By Dylan DeBarr.WWH/CJE – I had just been told that my daughter was raped. I glance toward the door. I feel drunk, as if my legs can’t hold my weight. I grasp the window sill and push my forehead against the window. I need air. I gasp, choking on the silent scream that sticks in my throat. Thick, like molasses, I can’t swallow it or vomit it up.
She can’t shower in the daylight anymore. She can’t look at her own body. She feels her body has betrayed her. So, I sit on the floor in the bathroom as she showers in the dark. Sprays of water hit my face as I squint in the darkness watching her. She can’t close the shower curtain, so we leave it open. Her athletic body has shriveled. She has lost 30 pounds. No hips, no breasts, no more monthly period.
I watch as she soaps her body, moving the soap up and down her belly. I catch glimpses of her as the candle flickers. Something catches my eyes and move closer to see what it is. They are jagged lines across her stomach and legs. The red jagged lines almost glisten like ruby threads stitched into her body. They seem deliberate. And then it finally hits me. Self-inflicted wounds. Bright red X’s marking her stomach. A sharp blade of self hatred. I stand there frozen to the very marrow of my own bones. Our eyes meet and my mother hand automatically reaches to touch the rough edges of her wounds. I pull several squares of toilet paper from the roll and moisten it with my lips. I dab at them, wanting them to disappear. The blood seeps onto the paper and it frightens me. I am on my knees rubbing at her stomach, watching the diluted redness rush toward the bathtub drain. She starts to cry. I start to cry. I am on my feet running toward her bedroom. I am gathering objects in my hands. Scissors, tacks, pens, pencils, anything I think she can hurt herself with. I am frantic, searching under the bed, emptying drawers, pulling things out of the closet. I am out of control. Everything is out of control and I feel desperate.
She runs to the safety of inside her closet. A place I find her hiding more often than not. I pull her sixth grade picture off of the wall. I am in the closet beside her. “Look at her! Look at this little girl! This is you! This is the little you! Look at her and tell her that she doesn’t deserve this! Tell her that together we are going to protect her and she is going to survive all of this!” She slaps the picture from my hand, “I don’t know who that is. I don’t remember her! Oh My God Mom, don’t you get it? I can’t find her anymore!”
I crawl into the closet next to her. I want to touch her, but I am afraid. I can only touch her now with her permission. Rape takes away permission. I want to reach out and touch her baby skin. I want to smell her and touch her hair. I want to hold her and tell her it is going to be okay, but I am not sure it will be.
“I tried everything to stop it. I tried to fight, hit, beg, plead and even bargain with him!” she says, choking on her sobs, “But,he wasn’t listening! There were three of them and only one of me. One was holding my legs and one was holding my hands. One was pulling off my pants and trying to penetrate me. I was still fighting and they kept hitting me. I started bleeding from my nose and mouth. I could feel the blood between my legs. When I bled they got even madder. I tried to squeeze my legs together to prevent my blood from getting on the couch. When he was done with my vagina, he started forcing his penis in my mouth. At that point, I couldn’t even cry or begin to reason with them, because every time I opened my mouth, he succeeded in pushing his penis in. All I could do was whimper. Whimper like a wounded animal. I felt as if was suffocating. When it was over, everyone went on watching television like it never happened. For a few minutes I questioned myself and wondered if I had imagined the whole thing. If maybe I had gone crazy. But then the bleeding between my legs told me that I didn’t. I was afraid of the bleeding. It wouldn’t stop. I wadded up as much toilet paper as I could and put it between my legs.”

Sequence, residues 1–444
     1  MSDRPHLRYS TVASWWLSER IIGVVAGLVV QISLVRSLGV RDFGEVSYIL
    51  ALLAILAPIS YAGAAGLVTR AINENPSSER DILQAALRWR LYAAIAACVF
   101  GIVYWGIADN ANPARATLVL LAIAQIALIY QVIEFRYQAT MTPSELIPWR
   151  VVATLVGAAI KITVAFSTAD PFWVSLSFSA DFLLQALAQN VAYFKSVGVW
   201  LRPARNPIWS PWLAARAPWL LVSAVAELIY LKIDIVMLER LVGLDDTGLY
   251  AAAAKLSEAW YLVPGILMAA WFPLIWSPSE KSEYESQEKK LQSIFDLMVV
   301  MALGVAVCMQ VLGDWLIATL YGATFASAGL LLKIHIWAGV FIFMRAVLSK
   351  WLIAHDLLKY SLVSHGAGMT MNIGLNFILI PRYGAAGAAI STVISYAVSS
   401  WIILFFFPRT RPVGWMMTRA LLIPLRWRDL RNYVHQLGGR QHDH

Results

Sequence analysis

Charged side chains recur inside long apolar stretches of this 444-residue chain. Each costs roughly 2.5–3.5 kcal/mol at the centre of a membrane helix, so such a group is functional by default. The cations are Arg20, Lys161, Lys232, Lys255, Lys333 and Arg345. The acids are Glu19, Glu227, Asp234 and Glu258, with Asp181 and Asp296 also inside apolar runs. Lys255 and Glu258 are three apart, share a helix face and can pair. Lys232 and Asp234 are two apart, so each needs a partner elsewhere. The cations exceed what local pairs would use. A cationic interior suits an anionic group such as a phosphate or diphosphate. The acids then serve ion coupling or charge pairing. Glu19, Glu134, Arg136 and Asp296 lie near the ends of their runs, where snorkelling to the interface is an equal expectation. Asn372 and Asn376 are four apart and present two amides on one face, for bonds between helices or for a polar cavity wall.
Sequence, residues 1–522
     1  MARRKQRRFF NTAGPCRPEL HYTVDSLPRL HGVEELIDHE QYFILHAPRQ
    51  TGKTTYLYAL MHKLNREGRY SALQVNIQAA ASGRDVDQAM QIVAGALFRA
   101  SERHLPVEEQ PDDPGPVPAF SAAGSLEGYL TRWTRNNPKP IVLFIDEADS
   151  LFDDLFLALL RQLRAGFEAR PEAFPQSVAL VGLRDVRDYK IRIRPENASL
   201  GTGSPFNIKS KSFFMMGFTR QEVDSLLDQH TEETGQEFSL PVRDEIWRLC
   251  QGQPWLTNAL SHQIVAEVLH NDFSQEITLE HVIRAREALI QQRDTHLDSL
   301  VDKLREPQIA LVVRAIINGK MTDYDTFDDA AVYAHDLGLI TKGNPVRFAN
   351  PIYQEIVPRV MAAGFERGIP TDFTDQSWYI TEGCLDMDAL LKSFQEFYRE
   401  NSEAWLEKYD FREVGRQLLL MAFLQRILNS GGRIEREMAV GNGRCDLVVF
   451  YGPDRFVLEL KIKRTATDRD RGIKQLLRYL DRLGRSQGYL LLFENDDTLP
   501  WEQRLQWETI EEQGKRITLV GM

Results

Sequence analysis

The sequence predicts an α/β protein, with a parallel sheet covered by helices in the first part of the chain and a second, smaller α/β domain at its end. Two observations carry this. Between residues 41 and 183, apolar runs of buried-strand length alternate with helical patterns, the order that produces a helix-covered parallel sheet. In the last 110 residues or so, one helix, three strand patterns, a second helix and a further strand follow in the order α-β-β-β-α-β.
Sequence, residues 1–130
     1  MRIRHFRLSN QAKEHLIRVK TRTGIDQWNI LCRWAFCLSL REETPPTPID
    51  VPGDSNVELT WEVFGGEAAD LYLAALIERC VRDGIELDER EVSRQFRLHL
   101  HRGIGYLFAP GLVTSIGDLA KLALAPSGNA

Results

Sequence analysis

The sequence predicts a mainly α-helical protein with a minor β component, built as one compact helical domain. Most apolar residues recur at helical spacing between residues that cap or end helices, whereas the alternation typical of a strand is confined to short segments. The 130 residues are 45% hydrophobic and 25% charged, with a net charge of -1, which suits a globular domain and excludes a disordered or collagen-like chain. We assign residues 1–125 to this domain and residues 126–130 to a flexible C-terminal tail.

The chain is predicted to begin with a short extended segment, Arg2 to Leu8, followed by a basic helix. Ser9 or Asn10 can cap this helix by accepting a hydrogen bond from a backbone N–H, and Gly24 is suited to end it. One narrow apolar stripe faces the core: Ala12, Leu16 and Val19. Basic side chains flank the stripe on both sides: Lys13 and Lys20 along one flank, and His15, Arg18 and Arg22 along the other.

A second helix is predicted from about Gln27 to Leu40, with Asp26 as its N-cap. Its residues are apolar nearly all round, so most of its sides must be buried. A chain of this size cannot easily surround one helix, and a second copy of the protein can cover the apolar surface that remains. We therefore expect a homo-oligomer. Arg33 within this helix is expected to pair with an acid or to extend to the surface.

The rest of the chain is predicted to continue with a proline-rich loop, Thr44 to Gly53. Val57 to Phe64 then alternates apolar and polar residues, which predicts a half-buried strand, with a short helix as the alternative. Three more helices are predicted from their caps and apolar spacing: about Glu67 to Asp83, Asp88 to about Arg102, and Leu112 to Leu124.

I’ve gone over it in my mind. Over and over. Thought about what I would like to do to the person who raped my daughter. I thought about how I would strip him down. Force him to be naked and vulnerable. I thought about him pleading, begging me and how I would ignore him. How I wanted to press a gun against his skin, make him fear for his life. I thought about what I would say as I pushed the gun against his lips, “Suck this, mother fucker.”
Yet, I realized in my fantasy of revenge, I could scare him. I could make him beg, but I could never physically or sexually assault him. It wasn’t in my makeup. I wasn’t capable of those things and I could never understand anyone who could do things like that.
But, then it happens on a warm spring day. I’m driving down a country road and it doesn’t take long to notice the car in front of me belongs to one of the boys who raped my daughter. I can see him looking at me in his rear view mirror. He knows that it is me. He stops at the stop sign. It seems as though he is lingering there, taunting me. My fists are balled-up and I am aware of the tightness in my jaw as I grind my teeth together. I want to get out of the car. It’s only him and me on this deserted country road. I want to open my car door and run toward him. I want to put my hands around his neck and squeeze. I want him to beg me to stop and delight in showing him no mercy. The same amount of mercy he showed for her. The anger inside me is intense, as my hand cramps around the steering wheel. I imagine myself running toward him with a tire iron, smashing his windows, jabbing at him, emptying this anger.
Then in an instant I pull my car around him and start to speed past him. I slow down when my car is even with his. I raise my middle finger in his direction, “Fuck you! You are a fucking animal!”
I feel stupid and victorious at the same time. I needed that moment of power over him.
My friends no longer know what to say to me. They begin to avoid me. Rape is a topic that scares people. It’s an assault on your sexual organs and that makes people uncomfortable. My friends are afraid if they talk to me I might talk about “it”. They are afraid I might need to talk about it. My daughter is now that girl according to them. That girl that was raped.
My tears ooze out fast and greasy, sliding into my mouth. Pure and pathetic. I sob loudly. I want the sobbing to drown out the loudness of the pain I feel inside. I want to shake uncontrollably and finally collapse. How does one let out the hidden pain and then suddenly uncap it and demand that those emotions fall out like a bottle of pills on the counter?